2) Pete Rock & CL Smooth – They Reminisce Over You (T.R.O.Y) Original Sample:Tom Scott – Today (Featuring The California Dreamers)
The legendary combination of Pete Rock and CL Smooth released two albums and an EP in the heart of Hip Hop’s golden era. The sampled horn for ‘T.R.OY’ is arguably its most iconic element.
3) Souls Of Mischief – 93 til Infinity Original Sample:Billy Cobham – Heather
‘Yeah, this is how we chill from 93 ’til’.. The lyrics to the hook say it all. The original sample is sped up significantly, most likely on a SP-1200. This was common on jazz samples at the time because the SP-1200 did not have much sample time.
4) Nas – Still Dreaming (Featuring Kanye West & Chrisette Michele) Original Sample:Diana Ross – The Interim
One of my favourite tracks from Nas’ Hip Hop Is Dead album. The verse and hook from Kanye West sit beautifully with Chrisette Michele’s vocals. Oh and how can we forget that Diana Ross sample capping off a truly beautiful track.
6) The Herbaliser – A Mother For Your Mind Original Sample:Roy Budd – The Car Chase
A hip hop duo out of South London. They are renown for there jazz influenced productions. Other notable career accomplishments include making the soundtrack for the movie ‘Snatch’.
7) Nightmares on Wax – Les Nuits Original Sample Of The Bass Line:Quincy Jones – Summer In The City
Sampling one of the most heavily sampled tracks of all time Leeds producer Nightmares On Wax put together this song back in 1999. As the video suggests this song is perfect for going on long scooter rides and singing in a laundromat.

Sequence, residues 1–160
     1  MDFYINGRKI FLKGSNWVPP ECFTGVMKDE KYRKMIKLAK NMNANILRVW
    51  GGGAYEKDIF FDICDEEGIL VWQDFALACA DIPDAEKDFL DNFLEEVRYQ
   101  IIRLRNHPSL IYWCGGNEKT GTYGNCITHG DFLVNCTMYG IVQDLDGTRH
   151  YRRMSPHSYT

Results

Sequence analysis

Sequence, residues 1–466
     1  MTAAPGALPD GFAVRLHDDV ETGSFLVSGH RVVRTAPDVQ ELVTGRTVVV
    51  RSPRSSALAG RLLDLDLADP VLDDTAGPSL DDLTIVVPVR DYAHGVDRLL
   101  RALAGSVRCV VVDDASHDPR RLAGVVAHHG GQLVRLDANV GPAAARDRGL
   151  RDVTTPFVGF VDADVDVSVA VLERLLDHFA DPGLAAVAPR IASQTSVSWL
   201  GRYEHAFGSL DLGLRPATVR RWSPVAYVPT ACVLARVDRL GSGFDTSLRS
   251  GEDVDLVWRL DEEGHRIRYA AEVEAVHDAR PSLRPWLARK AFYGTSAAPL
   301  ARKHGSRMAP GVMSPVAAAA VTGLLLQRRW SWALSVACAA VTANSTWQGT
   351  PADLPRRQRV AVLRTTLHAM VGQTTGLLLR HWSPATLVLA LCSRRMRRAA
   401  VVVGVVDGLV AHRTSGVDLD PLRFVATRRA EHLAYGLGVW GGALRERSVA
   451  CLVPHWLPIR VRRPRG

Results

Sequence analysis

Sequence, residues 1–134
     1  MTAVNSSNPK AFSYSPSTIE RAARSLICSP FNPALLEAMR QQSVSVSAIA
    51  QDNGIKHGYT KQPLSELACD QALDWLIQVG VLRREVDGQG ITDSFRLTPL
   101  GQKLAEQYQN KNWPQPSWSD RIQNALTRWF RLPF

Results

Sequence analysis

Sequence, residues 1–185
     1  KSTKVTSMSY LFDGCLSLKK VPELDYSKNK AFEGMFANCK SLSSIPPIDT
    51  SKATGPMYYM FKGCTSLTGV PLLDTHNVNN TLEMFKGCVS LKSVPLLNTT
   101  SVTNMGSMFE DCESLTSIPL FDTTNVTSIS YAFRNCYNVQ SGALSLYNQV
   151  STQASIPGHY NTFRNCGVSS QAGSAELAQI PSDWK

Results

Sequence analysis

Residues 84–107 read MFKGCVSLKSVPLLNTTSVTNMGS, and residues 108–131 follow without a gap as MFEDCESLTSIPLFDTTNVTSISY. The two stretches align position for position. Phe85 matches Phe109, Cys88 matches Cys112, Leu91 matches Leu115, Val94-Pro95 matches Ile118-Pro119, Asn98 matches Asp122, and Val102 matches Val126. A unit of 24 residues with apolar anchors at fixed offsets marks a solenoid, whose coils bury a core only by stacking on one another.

Flying Lotus is no stranger to the experimental. His adventurous productions have made him a household name amongst beat makers around the world. Tea Leaf Dancers utilises a Free Design sample and has sultry vocals from British songtress Andreya Triana.
10) Apollo Brown – Blue Ruby Original Sample: Unknown
Our final beat is a pure instrumental from Detroit based Apollo Brown. Apollo was fired from his office job in 2009 and gave himself one year to make it as a producer. Three months later after the release of his first LP ‘Clouds’ he was signed to Mello Music Group.
So what do you think of our list? Is there something that we missed? If so let us know in the comments.
Next week we have some more lessons from our growing team of Melodics Artists. You will have to wait and see who it is. But I can promise that it will be ‘Massive’!
Eskei83 is a German DJ and producer that was the winner of 2014 Red Bull Thre3style World Championship. His victory has catapulted him to the upper echelons of the DJ game which sees him tour the world doing what he loves. This week we were fortunate enough to ask him a few questions about his DJ journey, touring the world and get insight into what inspires him creatively.
Your hometown is Dresden, Germany. Tell us about the city and how it shaped you musically?